If that title made your stomach tighten a little bit, then you know what we’re onto here.
Relax. Let that boo go. Feel better now? Good. That’s what we’re here for.
Yes, the venerable Gary Bettman, commissioner of our NHL since 1993 (and thus being a symbolic part of the NHL94 alumni), is the namesake behind this award, given to the folk(s) with the firmest mastery of their Napoleon complexes and the talent to make us want to heckle them.
As for Bettman’s curious leadership of one of the most historied sports leagues in the world, fans needs not look any further than 1996. That’s when the Fox Network introduced the “glow puck,” which was supposed to make the puck easier to see on the primitive tv screens of the day. (We’ve come a long way since those ridiculous cathode-ray tubes, kids.) The problem, of course, with the “glow puck,” was that instead of making the puck easier to see, it just reinforced the idea that watching hockey on TV was impossibly difficult.
You can now find these things at classy eateries, buzzing and flashing wildly to alert patrons that their heart attack nacho platters are ready.
Indeed, Bettman was quick to preserve the reputation of the league when he emerged from his Penguins’ Lair to orate the following strong message to a concerned fan base:
“I don’t need it, [but] it doesn’t bother me. “I don’t like the blue dot – but if it makes it easier for [TV] fans, that’s fine.”
Bettman in his NBA days.
Since then, Bettman has employed the same resolute determination when guiding the NHL with his incredibly consistent NHL discipline plan, for injuries and scandals. (A flowchart.)
This season, there was plenty of nasty stuff out there that drew our ire. Here are our nominees; the winner receives a free platter of those heart-attack nachos, (glow-puck coaster not included), so vote wisely.
1. The Green Men and the City of Vancouver – The louder that hockey traditionalists cried foul over these green-skinned freaks, the more butt (or package) the Green Men pressed up against the penalty box glass. Loved by some, loathed by many, the Green Men set a wacko fan precedent that will lead only to god knows what in the stands next year, as circus-themed populations such as Montreal will undoubtedly try to outdo them. I would say that they were a “riot,” but what happened in the city of Vancouver after their team collapsed out of the Stanley Cup Final put the “I don’t care if I’m a sports star of my own, losing just makes me wanna’ smash stuff and blow up police cars” back into that word.
Take THAT, Boston!
2. Mario Lemieux – It’s no secret that the NHL greatly misses Mario’s
talents whining since he retired, but he was kind enough to remind us all that he still has it. After a dirty hockey game against the Islanders, Lemieux was prompted to release a statement whining doctrine masterpiece in which he warned, “If the events relating to Friday night reflect the state of the league, I need to re-think whether I want to be a part of it.” Mario conveniently left out the fact that he employs the dirtiest little cheap shot artist in the league (who is also the most hated player in the league).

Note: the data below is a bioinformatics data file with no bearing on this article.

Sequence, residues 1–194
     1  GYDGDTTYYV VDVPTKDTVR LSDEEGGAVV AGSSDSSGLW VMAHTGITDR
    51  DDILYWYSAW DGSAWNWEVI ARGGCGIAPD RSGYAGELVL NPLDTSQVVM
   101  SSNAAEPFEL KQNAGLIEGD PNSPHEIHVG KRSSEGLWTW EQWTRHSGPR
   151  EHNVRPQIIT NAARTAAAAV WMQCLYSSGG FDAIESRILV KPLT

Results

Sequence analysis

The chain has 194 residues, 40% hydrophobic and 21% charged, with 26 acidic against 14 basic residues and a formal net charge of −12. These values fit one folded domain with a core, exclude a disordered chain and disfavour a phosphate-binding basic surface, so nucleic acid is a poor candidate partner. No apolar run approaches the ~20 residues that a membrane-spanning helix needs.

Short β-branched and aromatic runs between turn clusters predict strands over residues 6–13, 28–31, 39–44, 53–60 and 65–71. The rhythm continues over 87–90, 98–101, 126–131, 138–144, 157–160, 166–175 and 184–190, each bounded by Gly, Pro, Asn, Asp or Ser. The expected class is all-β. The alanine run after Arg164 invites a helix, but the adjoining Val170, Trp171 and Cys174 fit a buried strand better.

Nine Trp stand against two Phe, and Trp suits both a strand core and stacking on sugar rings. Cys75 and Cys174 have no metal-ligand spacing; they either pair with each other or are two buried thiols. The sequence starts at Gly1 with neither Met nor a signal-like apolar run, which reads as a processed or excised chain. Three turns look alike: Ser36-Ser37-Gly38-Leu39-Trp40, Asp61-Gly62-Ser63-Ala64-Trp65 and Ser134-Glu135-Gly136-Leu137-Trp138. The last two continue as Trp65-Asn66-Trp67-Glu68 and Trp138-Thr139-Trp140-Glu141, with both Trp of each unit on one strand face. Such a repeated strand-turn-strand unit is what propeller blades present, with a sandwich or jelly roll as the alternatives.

I'd say "Stay classy, Penguins," but according to Mario, they are TOTALLY classy.
3. The Thrashers’ Atlanta “Spirit” Group – There is nothing funny about this at all, so we’re going to skip the jokes. Instead, here’s a punch-in-the-gut quote from former co-owner Michael Gearon, who “broke down several times” when he assured Thrashers fans “I’ve been focused on trying to avoid this day. I spent time with possible investors going back four years ago, because I was concerned this day would come. I made a desperate plea in February. Unfortunately, that didn’t lead to any real prospects. To be sitting here today is just awful for me.” To which the disgusted fans of Atlanta responded, “Sitting there? Sit and spin, (expletive)!”
RIP, Blueland. We hardly got a chance to get to know you.
Probably shouldn’t have ended this on such a downer. Ugh. Anyway, those are our candidates. Make sure you vote with a heavy dose of spleen. I assure you, hitting one of these buttons is going to make you feel at least a little bit better.
See also: “BSN Summer Awards: The Envelopes (and Brooke Shields) are IN!“
It’s going to be a sad day in the B-lo when Rick Jeanneret finally retires.
Until then, his potential replacements are being groomed. While we already covered the likelihood of Kevin Sylvester taking over the booth, not everyone is sold on his voice talent.
I’m a fan of Kevin’s, but we like to remain objective here on Buffalo Sabres Nation.
"The Next One?"
In that spirit, here’s a couple samplings of Mark Jeanneret. While his style is very similar to his father’s, his voice is a bit higher on the octave scale. He’s been plying his trade down on the farm in Portland, after breaking into the scene with the Erie Otters of the OHL.
Here’s a call from his Erie days. You might want to ensure that all of your crystal and any skittish cats are in the other room before you hit the play button.
Since then, his style has certainly matured, but that Jeanneret passion simply cannot be tamed. Here’s his play-by-play for the Sabres, when they took on the Flames on December 27, 2010.
Despite who I might prefer, it’s hard to root against either Sylvester or Jeanneret – I’d be happy with either making the calls. Also, it sure would be a real heart-warmer if Mark was able to continue a family legacy.
We’d like to hear what our readers think about these two candidates, so we’re sticking a poll in this post. Vote away!
For Father’s Day, BSN is going to take a slight detour to the world of football, and family.
There aren’t too many words that remain the same across all the languages on this world, but those are two of them.
Then again, there’s sports. Some would argue math is the universal language, and they’re right – but it’s application to the world of sports is what makes it so widely spoken. The box score is common ground for all of us. The results at the end of games, season upon season, weaves up an emotional fabric that criss crosses through all of us.
For fathers and sons, common grounds can be hard to come by. Language only gives us “taxi” and “radio.” That’s simply not enough to connect the generations. I am not claiming that sports is the best venue for communication – but it is very ingrained with passion, want, and hope. A place where emotions can exist and be worn on the sleeve.